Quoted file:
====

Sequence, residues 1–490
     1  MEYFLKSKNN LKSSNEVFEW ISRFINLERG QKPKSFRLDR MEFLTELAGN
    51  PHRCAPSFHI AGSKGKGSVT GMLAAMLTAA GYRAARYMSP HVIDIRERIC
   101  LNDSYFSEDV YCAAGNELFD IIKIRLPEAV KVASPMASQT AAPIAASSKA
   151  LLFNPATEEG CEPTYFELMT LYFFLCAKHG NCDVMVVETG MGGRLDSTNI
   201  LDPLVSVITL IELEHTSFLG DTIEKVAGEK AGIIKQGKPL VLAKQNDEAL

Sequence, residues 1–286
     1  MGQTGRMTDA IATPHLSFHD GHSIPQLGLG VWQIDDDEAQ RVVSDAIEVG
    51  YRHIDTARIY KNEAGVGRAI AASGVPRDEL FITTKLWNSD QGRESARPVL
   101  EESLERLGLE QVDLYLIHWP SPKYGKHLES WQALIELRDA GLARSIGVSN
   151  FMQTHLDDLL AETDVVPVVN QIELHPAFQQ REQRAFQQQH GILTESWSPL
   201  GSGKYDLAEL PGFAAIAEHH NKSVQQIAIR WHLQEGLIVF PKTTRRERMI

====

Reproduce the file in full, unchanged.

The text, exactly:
Sequence, residues 1–490
     1  MEYFLKSKNN LKSSNEVFEW ISRFINLERG QKPKSFRLDR MEFLTELAGN
    51  PHRCAPSFHI AGSKGKGSVT GMLAAMLTAA GYRAARYMSP HVIDIRERIC
   101  LNDSYFSEDV YCAAGNELFD IIKIRLPEAV KVASPMASQT AAPIAASSKA
   151  LLFNPATEEG CEPTYFELMT LYFFLCAKHG NCDVMVVETG MGGRLDSTNI
   201  LDPLVSVITL IELEHTSFLG DTIEKVAGEK AGIIKQGKPL VLAKQNDEAL

Sequence, residues 1–286
     1  MGQTGRMTDA IATPHLSFHD GHSIPQLGLG VWQIDDDEAQ RVVSDAIEVG
    51  YRHIDTARIY KNEAGVGRAI AASGVPRDEL FITTKLWNSD QGRESARPVL
   101  EESLERLGLE QVDLYLIHWP SPKYGKHLES WQALIELRDA GLARSIGVSN
   151  FMQTHLDDLL AETDVVPVVN QIELHPAFQQ REQRAFQQQH GILTESWSPL
   201  GSGKYDLAEL PGFAAIAEHH NKSVQQIAIR WHLQEGLIVF PKTTRRERMI